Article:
DIY Moroccan Antiques for Interior Decorating:
Museum-quality antiques are out of the question for all of us, but some of you can buy real, handmade camel-bone furniture, groovy lamps, decorated metalwork, intricate carpets, and other goods from Istanbul, Marrakesh, Damascus, Tibet, and Kashmir. If you're a rich boho babe with a good job or a trust fund, you should buy the real thing. If you're a DIY boho chick, like me, you should go online to find ways to copy the look of ancient pottery, Moroccan tiles, and things like that. (If you can't afford heavy brass teapots and trays, put your cheap, tinny ones high up on a bookshelf or on a wall, so no one will know how cheap and flimsy your stuff is.)
Online Interior Decor Companies & Resources:
I'm keeping a growing list of online stores with accessories in all price ranges, along with a list of interesting boho design resources... all the things I want to check out a bit more when I have the time:
- Horchow.com (I want their towels)
- DotAndBo.com (Boho housewares, nice Moroccan tea table, well-designed modern lamps.)
- Modcloth.com (Inexpensive folk accessories)
- BadiaDesign.com (Hand painted furniture)
- PotteryBarn.com (Might want Melamine serving bowl)
- JustMorocco.com (Lamps)
- BerberTrading.com (Ceramics)
- JossAndMain.com (Constantly changing home accessories at sale prices)
- Amara.com (High end cushions)
- Lushome.com (Decorating ideas)
- Calypsostbarth.com (Great pillows and furnishings - a little too rich for my blood but maybe something on sale)
Here are some photos of ancient museum pieces to help with color ideas and for DIY inspiration:
Middle East Antiques, Rugs, Tiles from Museums:
From what I've seen in my research, you can't go wrong using blue or rusty orange (or blue AND rusty orange) for your base colors. If you can't find real handmade Moroccan tiles, try Mexican versions. There are a lot of similarities between Moroccan and Southwestern styles. And, these two types of ceramics, wood carvings, and textiles definitely look great together.
I'm planning to make a lot of the decorative items myself because it's cheaper and because I don't live in the UK... where it's easier to find Moroccan style decor. Hopefully, I'll be able to come up with Moroccan tile-print sheets and dishes... However, I hope to try my hand at ceramic pottery, patterned tiles, faux antique pottery, modern mosaics in traditional colors, and basic wall decor... and... whatever I think I can do... except for carved furnishings. (I don't want to try anything that involves sharp knives.)
Notes for Myself: How to give my house a groovy desert feel without looking like the set of "I Dream of Jeannie":
- Limit the colors. I love every color on the planet, but I can NOT put them all in one room. I will probably look for major pieces in blue or rust. Black, white, and tan are other options.
- I'm going to try for a house that's muted and elegant. I will make sure my pinks, reds, and purples are muted or blended with other colors in a way that they'll look like neutrals. Bright pinks and purples might make my living room look like a child's bedroom. It's easy to add bright touches later, but as much as I love bright colors, I will NOT allow myself to use too many brights!
- I am free to experiment because I'm not locked into a specific design style. I can add items from Denmark, India, China, England, Mexico, Africa, Portugal, France, the local pawn shop... or anywhere. This eclectic look will make my house feel like a collection from my travels... or like something from the Silk Road.
- I love different layers of patterns. Always be on the lookout for accessories with patterns.
- I will take a pottery class. If I can't learn how to build pottery, I will make friends with people who can.
- If I don't try a few outrageous things, my living room will look like every other house on the block. Expect a few flops.
- It will be easier to make my house look like an archeological dig (or a Marrakesh peasant's house) than to make it look like a copy of a Saudi princess's apartment.
- Don't match everything. Matching makes things look too "store bought". Try to find things that look "handmade" instead.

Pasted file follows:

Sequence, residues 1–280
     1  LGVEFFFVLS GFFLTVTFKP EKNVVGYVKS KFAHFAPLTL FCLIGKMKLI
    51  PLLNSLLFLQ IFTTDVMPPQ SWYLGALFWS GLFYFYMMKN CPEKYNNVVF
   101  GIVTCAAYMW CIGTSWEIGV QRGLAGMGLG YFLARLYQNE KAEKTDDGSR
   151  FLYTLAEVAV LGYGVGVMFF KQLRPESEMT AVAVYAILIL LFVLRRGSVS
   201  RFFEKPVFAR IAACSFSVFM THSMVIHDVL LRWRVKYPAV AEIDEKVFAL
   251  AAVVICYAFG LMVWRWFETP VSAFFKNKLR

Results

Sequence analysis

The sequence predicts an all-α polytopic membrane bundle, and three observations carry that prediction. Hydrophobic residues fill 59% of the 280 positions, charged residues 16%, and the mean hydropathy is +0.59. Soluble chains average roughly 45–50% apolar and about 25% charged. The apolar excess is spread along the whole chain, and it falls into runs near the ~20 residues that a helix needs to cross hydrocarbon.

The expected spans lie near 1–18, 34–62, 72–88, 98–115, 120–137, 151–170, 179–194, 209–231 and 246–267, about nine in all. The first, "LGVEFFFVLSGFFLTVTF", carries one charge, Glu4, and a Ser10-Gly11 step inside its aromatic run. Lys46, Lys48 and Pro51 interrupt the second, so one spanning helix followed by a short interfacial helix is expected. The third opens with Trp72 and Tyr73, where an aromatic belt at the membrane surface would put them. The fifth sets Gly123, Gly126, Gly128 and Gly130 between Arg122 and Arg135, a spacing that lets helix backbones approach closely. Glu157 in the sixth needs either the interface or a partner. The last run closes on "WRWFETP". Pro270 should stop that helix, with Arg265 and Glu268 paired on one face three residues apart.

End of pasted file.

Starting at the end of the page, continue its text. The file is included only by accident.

- Look for metal bowls, metal pitchers, metal vases, and such.
- Take a class (or study videos) on Youtube to learn how to cover trays and end tables with mosaics. I will not try to reproduce the intricate Islamic designs found in palaces and mosques because I will become discouraged. Instead, I will try simple designs where it's unnecessary to relearn geometry.
- Quality is more important than quantity.
- Early Islamic ceramics had deer, camels, horses, birds, and other animals. Orientalist paintings had leopard and tiger skins. Try to include a few animals in paintings and pottery.
- Even though I have less money than most people, I have more taste than most people.
- It will take a while to put this look together from scratch. Don't expect to be wowed if you visit me this year.
- I can do this... even if it means going to London or Morocco on vacation.
More Articles for Chic Boho Women:
Wikimedia Commons (artwork and antiques, mostly from museums) and Prshots.com (clothing and modern decor). Unfortunately, I was unable to check to see if the modern items are still for sale. I'm having trouble with the wi-fi in this cheapie hotel.
- Main Photo: Painting by Frederick Arthur Bridgman.
- Talitha Getty in Marrakesh Morocco: Found on Pinterest. I believe it's from an advert on Vogue magazine.
- Boho Bohemian Mosaic Door in Morocco: Blue jumpsuit outfit from Phase Eight.
- Morocco Harem Home Decor Inspiration: Orientalist Paintings: Juan Gimenez Martin, Eisenhut, Constant, Chataud, Seel.
- Modern Moroccan Living Rooms: Amara, Occa-Home.
- Carved Chair & Poufs for Morocco-Inspired Room: Carved chair in photo for Monsoon's kimono and jeans outfit, Missoni pouf from Amara, Cushions and square pouf in photo for Monsoon's jean shorts outfit.
- Islamic Lamps from Museums & Modern Lamps: Ceiling lamp from Syria or Egypt late 1800s, hanging lamp from North Africa, ceiling lamp from Damascus (all three from Doris Duke Foundation for Islamic Art), Saint Johannes lamp in Nebraska, blue pendant lamp and two-tone lamp from Amara.
- Morocco Print Sheets for Bed: Debenhams, M&S.
- Middle East Antiques, Rugs, Tiles from Museums: Antique Persian Mashad rug, tile from mausoleum, tile from Iran, mosaic from Morocco, antique tiles, antique metal ewer, Azerbaijanian carpet, footrest in the Louvre, Cypress tree Iznik plate, Taj Mahal entry dome, antique vase LACMA, antique ceramic tile LACMA.
- Muted Pink-Purple & Neutral Brown: Epigraph tile, Persian rug.
What do you think of this article? Leave a comment about what you think of bohemian (Moroccan) style Interior decorating at the bottom of the page. It won't show up until I get a better wi-fi connection so I can approve your comment.